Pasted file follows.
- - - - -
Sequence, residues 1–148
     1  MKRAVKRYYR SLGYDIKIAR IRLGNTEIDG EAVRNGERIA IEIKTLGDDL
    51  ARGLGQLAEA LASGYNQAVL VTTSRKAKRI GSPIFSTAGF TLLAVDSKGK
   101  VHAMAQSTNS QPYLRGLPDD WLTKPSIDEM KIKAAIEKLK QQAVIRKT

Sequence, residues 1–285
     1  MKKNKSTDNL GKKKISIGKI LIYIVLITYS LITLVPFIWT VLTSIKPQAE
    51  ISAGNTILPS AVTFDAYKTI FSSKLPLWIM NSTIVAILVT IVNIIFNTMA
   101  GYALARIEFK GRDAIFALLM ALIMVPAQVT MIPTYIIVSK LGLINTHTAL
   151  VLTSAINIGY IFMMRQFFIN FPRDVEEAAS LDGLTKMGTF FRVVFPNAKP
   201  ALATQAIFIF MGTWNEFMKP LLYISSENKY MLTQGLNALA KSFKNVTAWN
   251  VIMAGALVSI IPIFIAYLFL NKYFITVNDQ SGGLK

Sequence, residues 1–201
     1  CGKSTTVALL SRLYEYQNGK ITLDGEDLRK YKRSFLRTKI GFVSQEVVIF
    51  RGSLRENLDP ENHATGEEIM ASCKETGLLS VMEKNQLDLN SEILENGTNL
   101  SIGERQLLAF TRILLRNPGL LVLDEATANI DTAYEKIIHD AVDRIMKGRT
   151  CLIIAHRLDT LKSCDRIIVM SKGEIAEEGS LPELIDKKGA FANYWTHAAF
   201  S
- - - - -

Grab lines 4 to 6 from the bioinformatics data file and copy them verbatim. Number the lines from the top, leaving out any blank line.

   101  VHAMAQSTNS QPYLRGLPDD WLTKPSIDEM KIKAAIEKLK QQAVIRKT

Sequence, residues 1–285
     1  MKKNKSTDNL GKKKISIGKI LIYIVLITYS LITLVPFIWT VLTSIKPQAE